Race Report: Triathlon Pink | Eclectic Cake: Race Report: Triathlon Pink

Wednesday, 25 June 2014

Race Report: Triathlon Pink

WHAT:  200m swim – 6k bike – 2k run
WHERE:  Bath University, Somerset
WHEN:  8th June
WHY:  to raise money for Breakthrough Breast Cancer


They did it!



Of course they did! I had no doubt my friends would ace their first triathlon, and after raising a staggering £826.08 for Breakthrough Breast Cancer, they kind of had to. There were things I wasn't certain of, though – will they enjoy it? Will they hate me for asking them to try? Was it something they'd be proud of doing? But the answers to all my questions came clear as I watched one friend bounce over the finish line, asking which triathlons she could do next. The other flopped on the grass beside her ever-so-slightly-jealous-of-her-achievement boyfriend. Her answer to his suggestion that "we should do one together"? "Err...maybe..." I'd call that success!


THE NERVOUS SWIMMER

The swim almost always feels like the worst part of a triathlon. It's the first leg, the one you wait around for as you get more nervous – you don't have time to think about the others once you've dipped your toes in the water. But even our nervous swimmer, Sally, was made to feel relaxed at this, what I'm calling, the friendliest triathlon ever. The briefing for our small group of middle-distancers was held at the side of the pool by one of the original organisers of the Australian Triathlon Pink. With only women racing, each sat nervously in a bright pink cap, almost all as first time triathletes, now would've been the time (if any) for a bit of patronising chat from a retired ironman. There was absolutely none – not even a hint - only encouraging words and helpful tips with a few jokes in between to lighten the mood.



So with minds put to rest, it was time to (literally) jump in the deep end. Our trio was last in the pool, our supposedly slow swimmer leading the way, me bringing up the rear. She wasn't phased by the unexpectedly long pool (Bath University are spoilt with a 50m indoor one) and had done her homework on how to zig zag across the pool around each buoy. So our convoy casually glided along and, brilliantly, past one of the other swimmers, then another. In total I think we passed six swimmers before hopping out towards transition. First section done.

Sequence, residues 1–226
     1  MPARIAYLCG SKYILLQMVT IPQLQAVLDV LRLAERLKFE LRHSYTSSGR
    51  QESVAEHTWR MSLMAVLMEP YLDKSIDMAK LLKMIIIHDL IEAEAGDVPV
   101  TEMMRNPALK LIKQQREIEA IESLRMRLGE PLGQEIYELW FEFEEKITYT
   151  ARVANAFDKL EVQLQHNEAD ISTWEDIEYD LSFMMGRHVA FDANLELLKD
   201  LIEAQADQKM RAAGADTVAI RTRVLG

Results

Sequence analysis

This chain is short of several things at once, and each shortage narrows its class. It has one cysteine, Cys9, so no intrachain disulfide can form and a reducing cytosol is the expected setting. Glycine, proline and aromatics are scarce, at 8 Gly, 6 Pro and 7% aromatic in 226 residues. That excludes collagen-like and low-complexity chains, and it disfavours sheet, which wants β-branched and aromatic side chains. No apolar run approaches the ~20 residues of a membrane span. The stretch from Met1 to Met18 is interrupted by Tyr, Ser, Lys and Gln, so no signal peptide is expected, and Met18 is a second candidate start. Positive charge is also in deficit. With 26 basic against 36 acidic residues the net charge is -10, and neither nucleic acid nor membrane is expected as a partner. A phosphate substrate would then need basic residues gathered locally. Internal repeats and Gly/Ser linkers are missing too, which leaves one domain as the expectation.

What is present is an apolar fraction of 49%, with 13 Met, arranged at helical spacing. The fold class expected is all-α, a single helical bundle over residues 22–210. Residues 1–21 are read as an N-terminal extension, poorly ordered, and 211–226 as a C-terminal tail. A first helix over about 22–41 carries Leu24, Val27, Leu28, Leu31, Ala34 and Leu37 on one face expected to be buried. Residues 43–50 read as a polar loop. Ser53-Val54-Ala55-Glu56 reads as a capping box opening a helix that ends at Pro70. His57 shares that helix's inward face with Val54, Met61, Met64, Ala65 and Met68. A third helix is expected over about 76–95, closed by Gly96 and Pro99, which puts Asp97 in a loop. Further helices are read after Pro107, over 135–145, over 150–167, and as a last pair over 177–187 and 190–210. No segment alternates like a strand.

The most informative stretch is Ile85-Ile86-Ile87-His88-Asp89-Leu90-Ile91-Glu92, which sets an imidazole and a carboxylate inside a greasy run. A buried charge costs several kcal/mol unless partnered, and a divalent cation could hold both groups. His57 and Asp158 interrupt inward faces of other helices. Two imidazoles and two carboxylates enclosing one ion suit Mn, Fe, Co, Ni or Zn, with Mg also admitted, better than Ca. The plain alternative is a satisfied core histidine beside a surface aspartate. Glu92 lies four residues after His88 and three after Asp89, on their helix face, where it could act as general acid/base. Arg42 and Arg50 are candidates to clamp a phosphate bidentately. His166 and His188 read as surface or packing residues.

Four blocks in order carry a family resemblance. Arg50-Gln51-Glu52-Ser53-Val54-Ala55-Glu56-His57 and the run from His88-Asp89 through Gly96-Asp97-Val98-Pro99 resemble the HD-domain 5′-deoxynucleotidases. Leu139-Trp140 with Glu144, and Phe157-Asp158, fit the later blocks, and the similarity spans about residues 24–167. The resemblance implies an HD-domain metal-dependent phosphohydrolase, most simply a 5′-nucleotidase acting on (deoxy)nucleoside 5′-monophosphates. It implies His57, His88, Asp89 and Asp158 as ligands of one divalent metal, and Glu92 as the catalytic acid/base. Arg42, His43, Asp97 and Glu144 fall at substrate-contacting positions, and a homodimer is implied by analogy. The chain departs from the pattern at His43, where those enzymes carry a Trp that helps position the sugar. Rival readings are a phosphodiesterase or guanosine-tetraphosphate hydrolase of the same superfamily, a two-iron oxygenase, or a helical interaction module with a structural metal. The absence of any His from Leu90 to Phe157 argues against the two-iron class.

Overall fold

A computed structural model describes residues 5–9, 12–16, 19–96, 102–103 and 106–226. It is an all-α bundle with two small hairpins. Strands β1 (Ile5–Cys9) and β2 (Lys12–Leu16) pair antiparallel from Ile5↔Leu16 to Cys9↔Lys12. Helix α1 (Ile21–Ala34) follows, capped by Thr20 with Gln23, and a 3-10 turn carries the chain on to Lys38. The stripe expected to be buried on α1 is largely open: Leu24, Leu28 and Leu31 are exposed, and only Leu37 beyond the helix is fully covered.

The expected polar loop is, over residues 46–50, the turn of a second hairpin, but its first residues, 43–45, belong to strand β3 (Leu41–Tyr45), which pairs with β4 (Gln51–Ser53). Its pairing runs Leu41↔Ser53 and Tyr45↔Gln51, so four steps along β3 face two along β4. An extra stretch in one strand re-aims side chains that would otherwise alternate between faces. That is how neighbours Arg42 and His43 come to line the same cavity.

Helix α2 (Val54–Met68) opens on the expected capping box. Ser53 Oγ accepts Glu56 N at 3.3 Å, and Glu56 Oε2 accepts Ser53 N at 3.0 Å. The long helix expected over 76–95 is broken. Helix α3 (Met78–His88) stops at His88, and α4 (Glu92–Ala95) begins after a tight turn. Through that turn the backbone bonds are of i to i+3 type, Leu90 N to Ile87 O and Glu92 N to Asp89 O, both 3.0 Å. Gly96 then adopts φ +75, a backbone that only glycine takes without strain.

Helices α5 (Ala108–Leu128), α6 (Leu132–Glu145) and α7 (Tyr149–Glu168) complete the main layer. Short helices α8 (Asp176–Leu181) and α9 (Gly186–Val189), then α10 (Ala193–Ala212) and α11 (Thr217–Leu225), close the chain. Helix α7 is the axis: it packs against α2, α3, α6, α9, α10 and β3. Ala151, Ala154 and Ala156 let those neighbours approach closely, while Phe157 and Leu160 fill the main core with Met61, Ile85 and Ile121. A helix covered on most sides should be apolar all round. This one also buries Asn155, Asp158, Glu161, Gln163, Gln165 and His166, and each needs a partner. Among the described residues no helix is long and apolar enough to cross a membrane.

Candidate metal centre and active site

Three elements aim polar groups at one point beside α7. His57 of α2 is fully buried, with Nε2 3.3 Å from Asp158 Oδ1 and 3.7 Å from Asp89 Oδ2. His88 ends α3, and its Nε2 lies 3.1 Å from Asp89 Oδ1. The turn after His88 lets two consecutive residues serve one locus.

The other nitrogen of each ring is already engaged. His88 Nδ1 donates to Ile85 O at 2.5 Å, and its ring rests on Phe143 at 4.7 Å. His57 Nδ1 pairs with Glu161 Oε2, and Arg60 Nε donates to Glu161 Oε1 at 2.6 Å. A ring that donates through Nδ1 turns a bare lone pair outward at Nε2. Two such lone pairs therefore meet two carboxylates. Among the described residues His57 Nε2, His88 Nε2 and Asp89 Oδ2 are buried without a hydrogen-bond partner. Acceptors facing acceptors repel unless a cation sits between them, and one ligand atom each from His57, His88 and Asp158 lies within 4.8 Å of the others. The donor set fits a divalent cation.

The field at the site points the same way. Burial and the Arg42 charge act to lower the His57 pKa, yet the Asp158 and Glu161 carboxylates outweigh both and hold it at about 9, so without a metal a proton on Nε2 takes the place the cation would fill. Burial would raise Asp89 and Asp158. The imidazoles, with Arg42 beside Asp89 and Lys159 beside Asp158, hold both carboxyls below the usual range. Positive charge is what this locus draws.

THE RELUCTANT CYCLIST

The transition to bike started a little earlier than planned. All sporting advice, including my own, will tell you to test out your kit before race day – we didn't think to include bike racks. So, of course, the newly borrowed rack began to slip on the M4. A quick stop on the hard shoulder to disassemble all the bikes and put them in the second car saw us safely to the start but with limited time to talk the team through transition tips.

Now, after celebrating being one third through our triathlon, I felt two sets of eyes looking at me, waiting to see how I go about getting ready to cycle. Putting my shorts on backwards (I decided to not wear my trisuit as the others didn't have one) was not the best way of demonstrating my knowledge. Luckily, there was no timing for the event!


On our first of four laps, I also realised my mechanical knowledge was somewhat lacking. Steph was pedalling like crazy without going anywhere but not knowing much about bikes, I couldn't work out what was wrong. A pit stop to seek help from the always-supportive marshals soon revealed that it was a case of not knowing how to use the gears properly. After a quick crash course in bike gears 101, we were back on our way along the winding route and soon clapped and cheered back into transition. Two thirds finished.


THE FIRST-TIME RUNNER

"Why can't the run be first?!"

I did feel for Steph. She'd had the whole event to worry about the running and her bargaining had been unsuccessful – unfortunately, we couldn't do triathlon the other way round, nor could we replace the two lap run with more cycling. The only way to finish would be by putting one foot in front of the other to keep moving until we reached the pink carpeted finish line.


She was tired but still managed to smile her way round, perhaps slightly more so when she realised the water station gave her a welcome excuse to walk. Despite going slower, we never stopped moving, and Steph's determination was clear then we reached the short but steep hill for the second time. She said she'd run up to it then walk the incline but she didn't stop! It was brilliant to see her determination to do her very best and even though it was hurting, she gave it her all.



As we crossed the line, a rush of pride filled my eyes. I was so proud to see friends take on this challenge and I was honoured to have been able to tackle it with them, side by side.


There are still three more events in the Triathlon Pink series this year in Sunderland, Leeds and Basildon. If you fancy a friendly introduction to triathlon or just a brilliant day out for a good cause, sign up here.

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